Aging in Asia

Aging to challenge South Korea’s economic transformation

Chandni Vatvani I Assistant Producer
Woohae Cho | Bloomberg | Getty Images

South Korea has one of Asia's fastest-growing economies, but one looming roadblock threatens its path to becoming an international powerhouse: a rapidly aging population.

According to a report by the Korea Statistical Office, the number of people aged 65 and above has surpassed 6 million for the first time, accounting for 11.7 percent of the population. What's more, the ratio of senior citizens to working age people – currently 1 to 6 – is projected to shift to 1 to 1.5 by 2050.

"The aging population is one of the most fundamental, structural shifts happening in Korea and affecting the growth prospects for the country," said Wonsik Choi, Senior Partner at McKinsey & Company in Seoul. "Just to give you an example, the working age population in Korea will peak at 37 million in 2016, three years from now and will diminish thereafter," Choi added.

(Read more: Megatrends: The world's aging population)

Korea's fertility rate – the average number of births a woman has in her lifetime – stands at just 1.24, among the lowest in the world. And while Korea currently bears the third-youngest population globally, the OECD estimates that it will have the second oldest population by 2050, right after Japan.

The demographic shift in population structure is expected to be an economic headache for Seoul, which will likely see a slowdown in the growth of its labor force.

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Savoring the "Sweet Spot"

But some economists argue that Korea merely faces a transitional period, stating that the country is benefiting from a demographic "sweet spot", which will ultimately result in a sizable build-up of net financial wealth.

"The age structure of the population strongly suggests that over the next five years Korea will benefit from a demographic sweet spot – one in which the working age population (the 15-64 age cohort) expands, while at the same time falling fertility rates lower child dependency, but before old age dependency starts to rise significantly," Nomura said in a report.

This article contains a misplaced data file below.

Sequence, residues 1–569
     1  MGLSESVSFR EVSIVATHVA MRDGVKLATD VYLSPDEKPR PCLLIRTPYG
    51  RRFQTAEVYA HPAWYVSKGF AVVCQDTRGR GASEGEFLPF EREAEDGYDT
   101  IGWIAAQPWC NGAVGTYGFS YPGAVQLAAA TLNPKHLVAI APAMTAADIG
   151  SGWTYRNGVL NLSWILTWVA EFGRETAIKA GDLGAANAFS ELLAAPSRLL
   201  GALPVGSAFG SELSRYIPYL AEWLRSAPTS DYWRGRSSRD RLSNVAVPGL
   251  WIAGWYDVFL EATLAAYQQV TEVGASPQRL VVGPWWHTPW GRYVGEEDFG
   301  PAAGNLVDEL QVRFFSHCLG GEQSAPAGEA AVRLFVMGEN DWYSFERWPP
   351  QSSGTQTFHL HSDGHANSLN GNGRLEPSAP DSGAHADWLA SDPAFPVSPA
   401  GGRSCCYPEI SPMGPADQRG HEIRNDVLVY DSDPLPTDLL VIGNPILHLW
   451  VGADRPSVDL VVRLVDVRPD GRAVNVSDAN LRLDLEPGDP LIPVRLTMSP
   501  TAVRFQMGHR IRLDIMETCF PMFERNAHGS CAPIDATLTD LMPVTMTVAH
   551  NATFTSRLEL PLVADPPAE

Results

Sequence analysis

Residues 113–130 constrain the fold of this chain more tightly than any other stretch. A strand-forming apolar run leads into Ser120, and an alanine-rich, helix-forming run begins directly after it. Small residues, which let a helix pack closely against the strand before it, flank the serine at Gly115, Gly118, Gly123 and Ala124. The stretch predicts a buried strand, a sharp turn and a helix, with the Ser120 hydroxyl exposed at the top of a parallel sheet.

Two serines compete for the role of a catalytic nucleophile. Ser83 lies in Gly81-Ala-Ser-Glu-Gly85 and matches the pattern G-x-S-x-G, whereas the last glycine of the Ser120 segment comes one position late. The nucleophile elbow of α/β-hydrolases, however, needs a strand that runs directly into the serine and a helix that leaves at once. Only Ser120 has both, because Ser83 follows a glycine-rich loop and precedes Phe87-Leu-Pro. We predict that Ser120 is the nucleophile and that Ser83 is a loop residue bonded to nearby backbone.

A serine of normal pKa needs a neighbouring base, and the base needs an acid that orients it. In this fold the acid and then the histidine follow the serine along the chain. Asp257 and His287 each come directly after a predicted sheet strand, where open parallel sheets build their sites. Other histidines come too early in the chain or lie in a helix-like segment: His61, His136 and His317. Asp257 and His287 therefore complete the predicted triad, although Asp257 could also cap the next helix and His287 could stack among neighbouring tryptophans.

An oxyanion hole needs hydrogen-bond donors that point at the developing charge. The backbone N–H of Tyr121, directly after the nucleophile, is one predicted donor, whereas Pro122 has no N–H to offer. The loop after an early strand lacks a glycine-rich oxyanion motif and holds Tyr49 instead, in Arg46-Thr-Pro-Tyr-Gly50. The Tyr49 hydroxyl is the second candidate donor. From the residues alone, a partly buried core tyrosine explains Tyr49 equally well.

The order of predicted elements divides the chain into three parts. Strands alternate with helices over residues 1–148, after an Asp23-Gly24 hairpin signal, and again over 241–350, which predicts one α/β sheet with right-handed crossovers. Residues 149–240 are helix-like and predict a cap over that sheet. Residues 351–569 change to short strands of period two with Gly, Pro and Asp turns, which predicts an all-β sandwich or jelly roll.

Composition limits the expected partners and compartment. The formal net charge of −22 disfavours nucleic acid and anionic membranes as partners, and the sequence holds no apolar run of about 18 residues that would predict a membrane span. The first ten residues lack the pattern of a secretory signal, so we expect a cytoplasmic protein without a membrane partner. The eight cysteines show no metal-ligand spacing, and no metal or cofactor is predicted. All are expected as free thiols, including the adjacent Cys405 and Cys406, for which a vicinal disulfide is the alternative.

(Read more: Bank of Korea cuts growth outlook, eyes US impasse)

"As a result, we expect Korea to build up sizable financial wealth, given that in economic theory the saving rate tends to be higher than the investment rate when an economy finds itself in such a demographic sweet spot – Korea's total dependency ratio is at its lowest level in its history," it added.

"From a current account perspective, aging is good. The aging population is positive for savings, that's why Korea has a current account surplus," explained Young Sun Kwon, Senior Economist & Managing Director for Asia ex-Japan at Nomura International in Hong Kong.

Kwon notes that the elderly population's tendency to save more boosts capital investment growth as household savings are the main source of funds for investment.

The Future of Korea

So just how big of an issue is the diminishing of youth from Korea's general population?

A report from Nomura says its "sweet spot" will only last until 2016, after which, the country will face headwinds from its aging society.

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"The ability to seize this window of opportunity is not automatic, and Korea's demographic sweet spot will only last until 2016, after which the country will face headwinds from an ageing society as the old-age dependency rate starts to rise sharply and significantly," the Nomura report said.

"If Korea fails to capitalize on the released resources and fails to harness this demographic sweet spot effectively, it faces the prospect of having to deal with renewed pressures from a much weaker position. Korea's population growth rate is set to start falling below zero in 2018," it added.

Kwon emphasizes that while an aging population is good for savings, it may not necessarily be good for domestic demand. For economic growth, a younger population is better, he says.

For now, the secret to sustaining Korea's growth potential could just lie in increasing its labor participation. The Bank of Korea's Kim agrees to that. "Unless we make our population young, we're likely to lose economic dividend, which has contributed to Korea's growth in the past. We should find more opportunities for women and the elderly to remain in the labor market to participate in the market further."

(Read more: South Korea central bank holds rates, as expected)

Still, with household debt levels among the highest in Asia as the young spend more than they can afford to, even the growth drive from a younger population would not be without risks.